Todd: Senator, you are painting, you are painting a picture of a lawless Department of Justice and a lawless F.B.I., totally filled with political partisanship. Do you really believe this?

GrahamI believe that Mr. Strzok was a political hack. I believe that Mr. Ohr had a conflict of interest. His wife worked for the organization that produced the dossier. And if he interacted with Mr. Steele, that is wrong. I believe Mr. Mueller fired Mr. Strzok for a reason. But that’s not the end of the inquiry. I believe there’s plenty of evidence that the Russians interacted with the Trump campaign and Mr. Mueller’s going to get to the bottom of it. The F.B.I. is a great organization. But no organization is subject, can’t be looked at. If you’re not worried about Mr. Strzok being in charge of the Clinton email investigation, given his attitude toward the Clintons and Trump and what he said, then I think you’re blind to the fact that this whole, this whole investigation needs to be looked at independently.



While Graham was appearing on NBC, Senator Paul was making an appearance on CBS’ Face the Nation where he was making a similar argument to host John Dickerson.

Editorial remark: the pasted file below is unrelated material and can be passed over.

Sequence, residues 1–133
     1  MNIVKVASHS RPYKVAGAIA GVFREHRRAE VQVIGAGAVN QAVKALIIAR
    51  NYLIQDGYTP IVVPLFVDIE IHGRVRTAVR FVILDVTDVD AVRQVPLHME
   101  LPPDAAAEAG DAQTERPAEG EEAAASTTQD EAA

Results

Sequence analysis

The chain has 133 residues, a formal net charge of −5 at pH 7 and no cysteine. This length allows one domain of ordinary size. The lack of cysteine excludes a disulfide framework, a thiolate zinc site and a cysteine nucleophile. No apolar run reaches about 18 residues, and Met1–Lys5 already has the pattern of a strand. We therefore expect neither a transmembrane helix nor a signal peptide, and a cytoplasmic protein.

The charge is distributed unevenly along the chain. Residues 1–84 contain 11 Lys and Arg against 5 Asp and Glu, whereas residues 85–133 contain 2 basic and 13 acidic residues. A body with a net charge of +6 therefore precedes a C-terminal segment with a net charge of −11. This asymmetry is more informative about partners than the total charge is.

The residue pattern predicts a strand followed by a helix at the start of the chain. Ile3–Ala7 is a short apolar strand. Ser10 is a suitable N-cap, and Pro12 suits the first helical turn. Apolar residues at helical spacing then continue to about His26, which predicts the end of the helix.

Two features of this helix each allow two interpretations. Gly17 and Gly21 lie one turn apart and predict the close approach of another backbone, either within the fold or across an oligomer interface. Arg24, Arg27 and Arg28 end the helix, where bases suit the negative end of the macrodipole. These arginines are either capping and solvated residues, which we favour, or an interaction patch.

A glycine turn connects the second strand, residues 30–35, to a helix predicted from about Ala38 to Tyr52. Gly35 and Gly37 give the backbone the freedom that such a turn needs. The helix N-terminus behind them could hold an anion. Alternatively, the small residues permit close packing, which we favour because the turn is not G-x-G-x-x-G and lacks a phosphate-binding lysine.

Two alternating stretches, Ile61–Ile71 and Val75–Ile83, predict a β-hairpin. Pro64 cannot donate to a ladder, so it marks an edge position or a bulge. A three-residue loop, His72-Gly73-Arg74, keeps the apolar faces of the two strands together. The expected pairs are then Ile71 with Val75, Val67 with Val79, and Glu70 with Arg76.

Paul told Dickerson that the men and women working in our intelligence community are not infallible and as such should not be trusted with the overwhelming spying powers that we’ve given them through the FISA process.

The reason we need more oversight is that people — as Madison said, men are not angels. And we have seen recently how we have had some people in the FBI that had a bias against the president.

We also have seen now people in the Department of Justice who were married to people that were doing opposition research on Trump. So, you can see how people are human, and bias could enter into this.

And the history of the CIA and the FBI are not without blemish. The Hoover years are a great tarnish. We also had civil rights activists in the 60s illegally spied upon. We had Vietnam protesters illegally spied upon.

And we had this great to-do, the Church Commission, back in the 70s. And FISA was supposed to rein that in. But now many of us, Senator Wyden and I have, in a bipartisan way, looked at this and said, my goodness, we have to defend the Americans’ right to privacy. And right now, we’re sort of a minority in the Senate. In the House, though, it’s close to 50-50.

What is most interesting about this is that Senator Graham is actually one of the legislators who will stand up and defend the intelligence community and argue that they should have more spying power not less. Meanwhile, he is openly admitting that the agencies in question may actually be rife with corruption. So while Paul and Graham seem to have found common ground on this issue, their alliance is likely short-lived.

But the pertinent thing is that both men recognize and argue that the FBI and the DOJ seem to have been compromised by partisan hackery, and both organizations need to be investigated and reformed.